Spring, again

Washington, DC, where I live, is famous for its cherry trees (a pre-World War II import from Japan) and their beautiful springtime blossoms, which have reached their peak about now.

The most famous cherry trees are around the Tidal Basin near the Jefferson Memorial. The last time I visited there at blossom time, a few years ago, the crowds were so enormous and so jostling that enjoyment was not an easy task. So I’ve limited myself to appreciating the trees around my own neighborhood– like this one.


In the thread to Neil D’s post about tea, one commenter wrote:

What is this garbage doing on an allegedly progressive political website?

Let me refer him to George Orwell, one of the twentieth century’s great political writers, who was a fan of both tea and springtime:

Is it wicked to take a pleasure in spring and other seasonal changes? To put it more precisely, is it politically reprehensible, while we are all groaning, or at any rate ought to be groaning, under the shackles of the capitalist system, to point out that life is frequently more worth living because of a blackbird’s song, a yellow elm tree in October, or some other natural phenomenon which does not cost money and does not have what the editors of left-wing newspapers call a class angle?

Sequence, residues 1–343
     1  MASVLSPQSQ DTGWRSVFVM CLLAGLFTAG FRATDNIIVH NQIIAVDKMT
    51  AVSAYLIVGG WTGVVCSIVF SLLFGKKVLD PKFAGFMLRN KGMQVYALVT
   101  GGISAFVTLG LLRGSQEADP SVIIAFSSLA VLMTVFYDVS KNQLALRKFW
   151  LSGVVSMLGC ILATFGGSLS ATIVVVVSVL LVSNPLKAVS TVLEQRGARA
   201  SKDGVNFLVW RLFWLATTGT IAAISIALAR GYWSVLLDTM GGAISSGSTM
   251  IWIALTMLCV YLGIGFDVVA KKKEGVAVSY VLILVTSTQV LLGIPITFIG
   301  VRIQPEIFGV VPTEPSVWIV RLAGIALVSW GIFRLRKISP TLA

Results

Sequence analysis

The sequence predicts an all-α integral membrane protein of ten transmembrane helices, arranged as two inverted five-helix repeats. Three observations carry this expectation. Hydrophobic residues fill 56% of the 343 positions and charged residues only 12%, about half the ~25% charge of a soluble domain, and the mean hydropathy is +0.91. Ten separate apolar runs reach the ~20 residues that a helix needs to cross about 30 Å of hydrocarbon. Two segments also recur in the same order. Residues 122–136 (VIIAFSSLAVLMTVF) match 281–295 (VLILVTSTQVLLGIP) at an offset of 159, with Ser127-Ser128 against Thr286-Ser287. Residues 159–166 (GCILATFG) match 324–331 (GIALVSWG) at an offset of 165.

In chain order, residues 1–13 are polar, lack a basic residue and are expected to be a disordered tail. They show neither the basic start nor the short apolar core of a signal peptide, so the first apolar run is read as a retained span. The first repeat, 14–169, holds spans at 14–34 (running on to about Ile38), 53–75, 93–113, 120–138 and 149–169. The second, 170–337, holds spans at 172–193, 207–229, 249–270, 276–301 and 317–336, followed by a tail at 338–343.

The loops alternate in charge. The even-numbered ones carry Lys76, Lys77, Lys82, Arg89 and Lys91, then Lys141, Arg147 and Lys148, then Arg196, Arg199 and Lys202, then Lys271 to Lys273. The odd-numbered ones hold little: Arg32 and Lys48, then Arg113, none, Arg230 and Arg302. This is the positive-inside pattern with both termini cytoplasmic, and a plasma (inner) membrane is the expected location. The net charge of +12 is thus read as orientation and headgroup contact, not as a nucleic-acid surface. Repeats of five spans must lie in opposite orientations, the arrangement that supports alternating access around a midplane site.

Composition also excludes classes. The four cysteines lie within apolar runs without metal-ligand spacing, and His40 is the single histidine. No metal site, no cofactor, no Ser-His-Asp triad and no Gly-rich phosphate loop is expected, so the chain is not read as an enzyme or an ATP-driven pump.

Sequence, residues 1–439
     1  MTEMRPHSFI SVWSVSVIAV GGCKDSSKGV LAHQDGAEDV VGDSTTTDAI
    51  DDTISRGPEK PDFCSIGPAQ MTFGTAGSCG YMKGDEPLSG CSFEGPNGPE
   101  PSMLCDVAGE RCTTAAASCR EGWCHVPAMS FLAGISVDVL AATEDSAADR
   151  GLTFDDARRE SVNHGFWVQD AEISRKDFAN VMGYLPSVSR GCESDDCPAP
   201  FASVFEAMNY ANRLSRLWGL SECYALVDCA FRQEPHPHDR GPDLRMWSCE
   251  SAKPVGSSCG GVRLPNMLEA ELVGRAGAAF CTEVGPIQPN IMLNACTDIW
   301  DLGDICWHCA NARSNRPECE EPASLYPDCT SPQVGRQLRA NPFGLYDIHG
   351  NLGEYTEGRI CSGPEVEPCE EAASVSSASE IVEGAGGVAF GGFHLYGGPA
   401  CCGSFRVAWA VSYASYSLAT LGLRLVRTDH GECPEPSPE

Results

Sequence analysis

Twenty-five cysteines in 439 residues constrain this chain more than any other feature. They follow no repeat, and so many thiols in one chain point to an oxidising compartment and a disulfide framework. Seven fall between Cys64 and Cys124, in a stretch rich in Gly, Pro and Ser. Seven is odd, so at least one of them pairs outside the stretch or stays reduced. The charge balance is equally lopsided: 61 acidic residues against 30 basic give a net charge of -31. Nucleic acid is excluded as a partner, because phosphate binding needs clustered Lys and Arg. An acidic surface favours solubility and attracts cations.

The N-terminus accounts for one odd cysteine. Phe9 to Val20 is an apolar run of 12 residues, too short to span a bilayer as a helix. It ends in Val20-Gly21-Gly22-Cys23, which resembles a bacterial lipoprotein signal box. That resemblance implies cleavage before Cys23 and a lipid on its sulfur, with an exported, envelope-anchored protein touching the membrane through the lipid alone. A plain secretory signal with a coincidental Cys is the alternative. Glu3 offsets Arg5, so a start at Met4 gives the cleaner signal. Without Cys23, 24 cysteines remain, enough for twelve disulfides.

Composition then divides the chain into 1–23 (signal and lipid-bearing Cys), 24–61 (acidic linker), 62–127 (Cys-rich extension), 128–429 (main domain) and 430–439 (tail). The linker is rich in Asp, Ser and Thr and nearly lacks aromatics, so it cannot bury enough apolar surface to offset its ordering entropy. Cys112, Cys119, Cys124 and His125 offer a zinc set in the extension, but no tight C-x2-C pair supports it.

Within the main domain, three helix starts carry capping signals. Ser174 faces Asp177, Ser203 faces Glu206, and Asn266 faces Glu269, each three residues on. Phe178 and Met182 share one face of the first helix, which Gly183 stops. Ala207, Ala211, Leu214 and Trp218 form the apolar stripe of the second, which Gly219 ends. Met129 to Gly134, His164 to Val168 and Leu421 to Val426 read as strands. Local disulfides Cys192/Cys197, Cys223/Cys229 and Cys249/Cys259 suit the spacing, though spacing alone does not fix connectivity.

In that spirit, I urge everyone to push themselves away from their keyboards and go outside and enjoy whatever of the natural world is available to them.

David T adds:

I was lucky enough to be in Washington D.C. two years ago, just at the end of the cherry blossom period, where I met Gene.

This song, by the Magnetic Fields, reminds me of the occasion:

Washington D.C. by the wonderful Magnetic Fields